I had the privilege of spending five days at the Filson Historical Society last week. The Filson awards several fellowships and internships; I was the recipient of a one-week Filson Fellowship. If you’re interested in history, you should check out the Filson’s newsmagazine or become a member. At the very least, pay it a visit–you won’t be disappointed.
Before I recap my week, I want to thank the several staff members with whom I worked last week: Jim Holmberg, Jennie Cole, Sarah-Jane Poindexter, Mike Veach, and Robin Wallace. Not only did they do the superb job that one would expect from professional archivists, but they also pointed out new research leads, shared background on the Filson and some of the collections, and discussed challenges that archives face. I also want to acknowledge the assistance of Glenn Crothers, director of research, and Jamie Evans, marketing and public relations coordinator, as well as the individuals who selected me as a fellow. Several of the above-named individuals, as well as other Filson staff members, also suffered through a fumbling presentation of my research, politely chortling at my ill-fated attempts at humor and asking informed and incisive questions that elicited less-than-stellar answers on my part. For the latter questions, I am especially grateful.
My research proposal centered on examining Andrew Jackson and the role of slavery in the presidential election of 1828. In particular, I was looking at accusations about Jackson’s slave trading and slave treatment, which were discussed in Nashville newspapers during the summer of 1828. Andrew Erwin, one of Jackson’s leading Nashville critics, was related to Henry Clay, and I hoped to find similar discussions taking place publicly or privately in Kentucky and the Lower Midwest. Finding the connections would allow me to give a different slant to the campaign, one that would align with the argument by Robert Forbes, Matthew Mason, and others that slavery was a more significant political issue in the 1820s than historians have previously contended. Historical scholarship on the 1828 election barely mentions this issue, so I knew I might not find anything relevant. A lack of evidence, however, would support my argument that the slavery issue in Nashville was the product of a long-standing feud between two kinship networks, pitting Jackson versus Erwin, even if it had no national implications. (As an aside, I’ll also be traveling to the Library of Congress later this summer to look at the prevalence of this issue in national newspapers.)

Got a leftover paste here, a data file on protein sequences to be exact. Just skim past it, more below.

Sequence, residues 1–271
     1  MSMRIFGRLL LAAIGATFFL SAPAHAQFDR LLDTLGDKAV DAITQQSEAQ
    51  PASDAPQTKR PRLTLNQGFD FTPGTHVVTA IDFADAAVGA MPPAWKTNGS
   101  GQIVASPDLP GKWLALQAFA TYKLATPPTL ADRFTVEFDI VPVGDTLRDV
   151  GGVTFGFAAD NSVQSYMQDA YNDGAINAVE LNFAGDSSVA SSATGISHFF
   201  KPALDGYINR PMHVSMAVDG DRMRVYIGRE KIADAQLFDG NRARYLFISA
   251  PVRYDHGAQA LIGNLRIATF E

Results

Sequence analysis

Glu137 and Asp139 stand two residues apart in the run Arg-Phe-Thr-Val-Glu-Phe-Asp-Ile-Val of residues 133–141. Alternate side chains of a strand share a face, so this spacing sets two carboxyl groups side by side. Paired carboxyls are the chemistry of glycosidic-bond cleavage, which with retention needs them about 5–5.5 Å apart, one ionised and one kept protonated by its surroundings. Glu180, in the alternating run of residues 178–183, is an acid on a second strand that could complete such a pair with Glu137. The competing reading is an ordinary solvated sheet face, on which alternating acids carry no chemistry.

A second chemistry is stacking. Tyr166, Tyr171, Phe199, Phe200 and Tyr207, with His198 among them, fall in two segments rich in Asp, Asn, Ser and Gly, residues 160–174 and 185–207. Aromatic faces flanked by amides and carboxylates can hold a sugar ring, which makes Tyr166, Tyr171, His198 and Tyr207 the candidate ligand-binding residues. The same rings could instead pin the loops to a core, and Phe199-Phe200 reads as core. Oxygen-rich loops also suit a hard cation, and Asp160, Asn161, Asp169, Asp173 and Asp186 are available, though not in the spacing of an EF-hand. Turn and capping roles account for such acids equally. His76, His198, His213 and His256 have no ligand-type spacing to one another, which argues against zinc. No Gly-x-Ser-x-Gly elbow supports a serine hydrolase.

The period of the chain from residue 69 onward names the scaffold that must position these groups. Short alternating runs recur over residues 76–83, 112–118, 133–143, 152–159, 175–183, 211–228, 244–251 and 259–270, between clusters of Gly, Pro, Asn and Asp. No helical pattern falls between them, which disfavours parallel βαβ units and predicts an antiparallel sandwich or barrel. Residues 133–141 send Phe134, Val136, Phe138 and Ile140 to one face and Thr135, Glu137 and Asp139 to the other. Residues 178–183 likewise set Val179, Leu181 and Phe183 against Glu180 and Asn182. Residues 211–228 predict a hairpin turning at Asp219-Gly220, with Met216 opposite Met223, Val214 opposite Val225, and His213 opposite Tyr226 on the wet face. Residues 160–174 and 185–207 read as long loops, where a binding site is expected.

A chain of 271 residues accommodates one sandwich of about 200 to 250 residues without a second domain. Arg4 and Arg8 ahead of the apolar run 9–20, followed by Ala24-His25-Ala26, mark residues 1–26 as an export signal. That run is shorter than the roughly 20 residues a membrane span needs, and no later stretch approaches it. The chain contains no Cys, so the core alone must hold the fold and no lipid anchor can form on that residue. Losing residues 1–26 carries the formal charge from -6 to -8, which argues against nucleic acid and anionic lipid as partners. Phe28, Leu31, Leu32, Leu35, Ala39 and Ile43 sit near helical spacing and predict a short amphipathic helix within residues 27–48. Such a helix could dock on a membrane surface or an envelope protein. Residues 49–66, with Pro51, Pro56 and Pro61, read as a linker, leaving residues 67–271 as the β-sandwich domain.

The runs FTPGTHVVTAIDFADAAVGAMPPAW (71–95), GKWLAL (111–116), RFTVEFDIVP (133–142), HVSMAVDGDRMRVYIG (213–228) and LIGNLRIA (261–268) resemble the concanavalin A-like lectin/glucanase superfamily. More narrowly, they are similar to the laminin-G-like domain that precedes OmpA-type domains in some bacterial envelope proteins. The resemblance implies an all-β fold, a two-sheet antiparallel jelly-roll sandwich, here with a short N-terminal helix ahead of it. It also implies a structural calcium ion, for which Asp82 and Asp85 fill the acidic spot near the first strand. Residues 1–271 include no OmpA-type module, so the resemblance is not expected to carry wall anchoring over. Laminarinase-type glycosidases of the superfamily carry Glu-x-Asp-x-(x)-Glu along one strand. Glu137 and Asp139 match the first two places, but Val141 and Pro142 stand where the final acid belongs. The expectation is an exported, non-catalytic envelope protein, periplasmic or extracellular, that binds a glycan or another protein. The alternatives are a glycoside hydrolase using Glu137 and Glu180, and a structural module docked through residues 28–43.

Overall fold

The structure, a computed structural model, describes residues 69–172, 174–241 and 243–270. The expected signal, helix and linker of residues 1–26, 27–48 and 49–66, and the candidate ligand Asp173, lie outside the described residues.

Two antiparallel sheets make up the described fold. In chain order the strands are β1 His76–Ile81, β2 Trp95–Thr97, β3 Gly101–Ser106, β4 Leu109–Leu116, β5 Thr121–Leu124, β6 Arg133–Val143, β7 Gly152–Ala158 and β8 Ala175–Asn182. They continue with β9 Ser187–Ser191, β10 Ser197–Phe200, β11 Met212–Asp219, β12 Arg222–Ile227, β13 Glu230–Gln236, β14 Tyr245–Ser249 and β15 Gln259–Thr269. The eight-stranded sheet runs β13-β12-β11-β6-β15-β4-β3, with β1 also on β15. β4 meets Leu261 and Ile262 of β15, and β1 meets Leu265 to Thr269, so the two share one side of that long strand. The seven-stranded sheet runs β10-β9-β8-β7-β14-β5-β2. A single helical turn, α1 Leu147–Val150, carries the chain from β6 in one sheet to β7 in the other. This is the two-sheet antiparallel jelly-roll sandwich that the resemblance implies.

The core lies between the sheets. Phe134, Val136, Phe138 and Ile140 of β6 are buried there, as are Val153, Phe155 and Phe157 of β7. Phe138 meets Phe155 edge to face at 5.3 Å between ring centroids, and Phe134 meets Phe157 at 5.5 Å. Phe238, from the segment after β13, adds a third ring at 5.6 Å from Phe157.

By now, you’re probably giddy with anticipation about what I found. Most of the week was unsuccessful in tracking down references to my main topic. (One tip if you use the Filson: Research the collections online before visiting, but prepare to spend some time looking through the card catalog once you’re there. I found a wealth of material not listed in the online catalog.) I did find lots of interesting Jackson-related material that will add flavor to the book manuscript I’m trying to complete this year. For example, I’m still trying to figure out how to use the letter in which the writer, in a nineteenth-century amalgam of Nostradamus, Hal Lindsey, and the Bible Code, claimed Jackson was “The Beast” mentioned in the New Testament book, The Revelation. By Friday, however, I was ready to cede that my search for the slavery material had been thwarted (perhaps by The Beast?!).
Finally, though, I came across something. On three different occasions during the late spring and early summer of 1828, a Kentucky newspaper published editorials and letters recounting the slavery brouhaha in Nashville. Much of the material appears to have been reprinted from the anti-Jackson newspaper in Nashville, but some of it was unfamiliar to me. I’ll have to analyze what I found some more in order to draw conclusions, but I felt a lot better leaving Louisville with this find.
Two final thoughts. First, I love spending time in an archive. My predominantly INTJ personality, combined with my love of history, relishes the opportunity to work a forty-hour week touching letters written decades or centuries ago. I often found myself reading letters about love affairs, family squabbles, spiritualism, etc., none of which had anything to do with Jackson but were hard to ignore. There’s also the shared experience of sitting in a room with others conducting research. The rustle of papers, the creaking of chairs, and the murmur of voices in the next room all add an ambience that reinforces the communality of what seems to outsiders a solitary exercise. (I know, I know–it sounds corny. I guess you had to be there.)
Lastly, my mind is on overload. After returning home last Friday, I had a dream that night that prior to the Missouri Compromise, a young Henry Clay died in a Chappaquiddick-style car accident in a reservoir, requiring his twin brother, Richard, to take his place in the U.S. House. Historians of the Early Republic will recognize some problems with my historical subconscious’ depiction of Harry of the West.